We started planning our trip (my first) to Europe over a year before we queued up at the departure gate. Two things remained constant over the year between the decision to go and actually making the flight. The trip was always primarily about visiting Linh’s family and reconnecting with the friends she left behind when she moved to Australia (that is relocated temporarily to Australia, never to return, as some people might be quick to remind me). The other non-negotiable element of the trip was Cardiff.
I am a fan of Doctor who – I’d hesitate to call myself a ‘Whovian’, but I do have a replica sonic screwdriver, and I’d hold my own in any discussion about the pros and cons of various Doctors. Knowing this fact will give some people a clear insight to the reason that the Welsh capital found its way onto the non-negotiable section of our European itinerary. For those not initiated into the world of BBC’s centuries-old time lord and his little blue box, Cardiff features heavily in the lore of the show and, equally importantly is the site of the Doctor Who Experience. For a Doctor Who fan, this is reason enough to travel across the globe, but for others (read reluctant spouses or families) you’ll be comforted to know that Cardiff offers plenty of enjoyment for the less obsessed traveller as well!
We spent one afternoon, one evening and one morning in Cardiff, which was just enough time to see what I came to see, and to explore a little. We arrived by train from Bristol, having flown in from Amsterdam earlier in the day and decided that Bristol weather was not conducive to even a brief tour (although I fully intend to return to explore that area of Great Britain before long). The weather persisted into Wales and as we disembarked from Brunel’s Great Western Railway and we were accompanied by misty rain as we searched for our accommodation. Eventually we found our hotel and decided to brave the, now fully-developed, rainstorm for the short walk into the city centre.
Having escaped the elements, I received the first jolt of recognition that Cardiff might be something more than a handful of locations for a locally-filmed sci-fi serial. We sought shelter with most of the population of Wales (or so it seemed) in St David’s Dewi Sant, one of the city’s main shopping hubs which takes a prime position in the centre of the city adjoining an open pedestrian concourse. We lunched with the crowds as we planned the afternoon, deciding to explore Cardiff Castle before our afternoon check in time.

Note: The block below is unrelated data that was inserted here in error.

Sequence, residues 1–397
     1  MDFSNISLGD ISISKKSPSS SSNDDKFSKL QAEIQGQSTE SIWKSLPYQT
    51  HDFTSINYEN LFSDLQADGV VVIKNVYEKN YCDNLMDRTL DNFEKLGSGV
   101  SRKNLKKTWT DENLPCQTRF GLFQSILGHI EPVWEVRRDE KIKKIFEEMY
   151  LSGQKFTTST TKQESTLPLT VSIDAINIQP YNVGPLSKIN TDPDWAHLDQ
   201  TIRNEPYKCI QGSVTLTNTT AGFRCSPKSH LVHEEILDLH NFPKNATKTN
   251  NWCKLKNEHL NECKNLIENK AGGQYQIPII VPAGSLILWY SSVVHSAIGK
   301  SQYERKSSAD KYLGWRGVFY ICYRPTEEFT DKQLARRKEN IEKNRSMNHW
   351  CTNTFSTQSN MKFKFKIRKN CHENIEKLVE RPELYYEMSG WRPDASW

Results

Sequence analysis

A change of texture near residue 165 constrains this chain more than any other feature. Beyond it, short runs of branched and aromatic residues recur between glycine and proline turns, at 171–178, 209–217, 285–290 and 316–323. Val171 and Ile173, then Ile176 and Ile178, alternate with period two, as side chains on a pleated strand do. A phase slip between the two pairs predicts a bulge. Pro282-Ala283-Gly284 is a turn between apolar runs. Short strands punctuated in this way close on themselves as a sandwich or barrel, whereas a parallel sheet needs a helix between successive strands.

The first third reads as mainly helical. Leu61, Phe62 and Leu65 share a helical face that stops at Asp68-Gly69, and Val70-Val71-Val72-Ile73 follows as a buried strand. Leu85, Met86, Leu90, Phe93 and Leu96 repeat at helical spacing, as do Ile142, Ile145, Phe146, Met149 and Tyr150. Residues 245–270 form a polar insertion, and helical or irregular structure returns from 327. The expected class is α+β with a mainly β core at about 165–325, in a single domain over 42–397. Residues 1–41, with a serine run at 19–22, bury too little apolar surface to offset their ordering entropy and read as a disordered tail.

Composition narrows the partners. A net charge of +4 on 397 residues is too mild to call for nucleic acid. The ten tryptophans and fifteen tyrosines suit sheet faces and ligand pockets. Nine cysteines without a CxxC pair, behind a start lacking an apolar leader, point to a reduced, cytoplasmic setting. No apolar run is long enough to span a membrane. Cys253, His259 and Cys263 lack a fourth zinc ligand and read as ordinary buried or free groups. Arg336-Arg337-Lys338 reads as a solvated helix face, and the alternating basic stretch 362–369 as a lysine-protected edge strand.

As we emerged onto the charming mall, we were met with sunshine. The rain had cleared and we were privy to what I can only assume is a rarity for a Welsh winter. The afternoon remained clear and warm with temperatures holding at an unseasonable 12-15 degrees as we wandered the streets. Cardiff Castle took about an hour to explore, although if you were to follow the provided audio guide, the tour would have taken considerably longer. On this occasion we were content to explore and enjoy the nearly empty castle grounds – it was bizarre how few people were visiting so close to Christmas (December 21), although the weather earlier in the day was likely a factor.
After exploring the castle, made our way to Cardiff Bay to inspect the fare on offer at the waterfront open space surrounding the striking, and iconic Millennium Centre – the city’s performing arts hub and the setting for many Doctor Who episodes. Our trip back to our room was hampered by the reluctance of local taxi drivers to help out with a ride that would accommodate our party of five (they insisted we take two cabs, an offer we politely declined). Instead, we took the local bus, where we found – not for the first time – that the local bus drivers were both helpful, and friendly – in fact the three bus journeys I made in Cardiff were some of the more informative and welcoming moments of our time in the city.
Early the next morning we made our way back to Cardiff Bay, where I parted company with Linh and the family for my date with The Doctor (I had been unable to convince any of them to join me in investigating the Doctor Who Experience). I’d left myself about 45 minutes to spare before my booking, and when I arrived, the doors were still closed so I took a stroll around the bay towards the Barrage that protects the Cardiff Bay area from the North Sea and chatted to locals engaged in their morning constitutionals. After a quick glance over the barrage (where I swear I recognised Black Wolf Bay) I trotted back to join the tour.
Any Doctor Who fan should make their way to this exhibit. The experience starts with an interactive episode where the Doctor (Capaldi when I visited) provides remote support to guests as they solve the challenge in the museum. This section culminates in an authentic reproduction of 76 Trotter’s Lane.
QUIET ON SET: The Silence positioned on a set from ‘Day of the Moon‘.
Following the interactive episode, guests are ushered into the static part of the experience where countless authentic relics from the show’s 52 years are displayed. I breezed through this part in about an hour, but only thanks to my uncanny ability to navigate museums at ridiculously high speeds. A true Doctor Who aficionado could spend countless hours basking in half a century of kitsch BBC set design and character development. Even in my lowly role as casual fan, I was convinced to purchase the merchandise package which included my own Tardis key.
After a little under two hours entrenched in the BBC’s Doctor vault, I emerged into the glare of the overcast morning and made my way back to Linh so we could continue on our whistle-stop tour of western Britain. Our next stop would be Oxford, which was charming, but no spot in the UK has so far engaged me as Cardiff. If I ever find myself living in Great Britain, it’s a fair bet that I’ll be bound for the Welsh capital.